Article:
The commanding driving position is good, aided by quick 'step-less' backrest adjusters and a tiltable steering column that adjusts both height and tilt at the same time. The instrument cluster is made up of three large dials placed side-by-side dead ahead of the driver: rev-counter, speedometer and a combined fuel and coolant temperature gauge. A tidy centre stack houses all the important secondary controls and switchgear including easy-to-use rotary-design air-conditioning controls and the switch for 'shifting-on-the fly'. This lets you toggle between 4WD or 2WD on the move at speeds up to 60mph. There's also a four-wheel Low ratio switch but to engage it the Rodeo must be stationary. Large door mirrors make all round visibility even better. The PPP 'Power Drive' booster button is conveniently to hand to the left of the steering column.
The Denver Max's cabin is accommodatingly wide with plenty of head, leg, elbow and shoulder room. A nice touch is the angled rear seat backrest that's slanted at a comfortable angle. Rear seat legroom is also generous, and foot room benefits from a full-width flat floor. Wide rear doors that open up to nearly 70 degrees make for a tidy entry and exit. Non-slip side-steps are functional, not just pretty. When not carrying a full complement of passengers, the rear seat backrest can be folded for extra internal load space. Minor storage space is well catered for by a number of useful cubbies.
Power comes from a 3.0-litre direct-injection intercooled turbodiesel. As mentioned earlier, our test Denver Max came with the optional Prodrive Performance Pack. This uses a reprogrammed electronic control to uprate the fuel supply and ignition timing to boost power and torque at the push of a button.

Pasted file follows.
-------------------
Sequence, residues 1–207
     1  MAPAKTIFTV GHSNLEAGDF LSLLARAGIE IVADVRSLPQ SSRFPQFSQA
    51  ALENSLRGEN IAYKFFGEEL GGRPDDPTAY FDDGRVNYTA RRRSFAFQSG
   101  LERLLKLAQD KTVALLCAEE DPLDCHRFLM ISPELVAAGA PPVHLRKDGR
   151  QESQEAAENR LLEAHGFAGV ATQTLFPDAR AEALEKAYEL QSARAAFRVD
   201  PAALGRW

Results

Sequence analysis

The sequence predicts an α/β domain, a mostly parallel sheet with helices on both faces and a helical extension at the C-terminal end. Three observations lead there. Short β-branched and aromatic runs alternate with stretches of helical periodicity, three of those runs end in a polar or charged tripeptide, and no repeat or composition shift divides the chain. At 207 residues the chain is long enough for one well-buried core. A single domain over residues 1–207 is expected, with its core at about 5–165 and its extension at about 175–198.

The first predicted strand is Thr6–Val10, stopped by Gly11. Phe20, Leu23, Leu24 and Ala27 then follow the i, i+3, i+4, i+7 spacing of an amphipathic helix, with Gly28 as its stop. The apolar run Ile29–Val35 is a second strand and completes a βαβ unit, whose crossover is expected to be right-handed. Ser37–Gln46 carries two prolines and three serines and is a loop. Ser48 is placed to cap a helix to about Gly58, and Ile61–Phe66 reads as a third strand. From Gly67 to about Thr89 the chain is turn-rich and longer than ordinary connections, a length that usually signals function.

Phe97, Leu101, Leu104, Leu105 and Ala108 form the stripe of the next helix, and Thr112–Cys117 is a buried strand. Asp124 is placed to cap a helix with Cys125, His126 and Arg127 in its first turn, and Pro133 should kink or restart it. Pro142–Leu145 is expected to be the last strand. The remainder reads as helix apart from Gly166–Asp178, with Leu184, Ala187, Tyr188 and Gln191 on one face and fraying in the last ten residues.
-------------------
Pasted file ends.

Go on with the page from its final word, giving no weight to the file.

Costing just £760 including VAT and fitting, PPP (from rally specialists Prodrive) boosts power to 153bhp and, more importantly especially for towing and load-lugging duties increases torque from 206.5lb ft to a beefy 258.1lb ft at 2,000rpm. That's ample punch, both low-down and at the top-end and also on or off the public highways.
Push the fascia-mounted PPP button and the superior power and torque is immediately noticeable, as is the stronger throttle response and increased flexibility. Zero to 60mph acceleration is reduced from 16.8 to a brisk 12.4 seconds. Top speed remains at a perfectly functional 96mph. Being a diesel, it responds best if you're in the right gear at the right time but making this ultra-easy is a smooth-shifting five-speed gearchange action. Fuel economy is far better than we'd been expecting, with an overall test figure of 28mpg. Officially the Denver Max will return 25.7, 34.9 and 30.7mpg on the Urban, Extra Urban and Combined cycles respectively.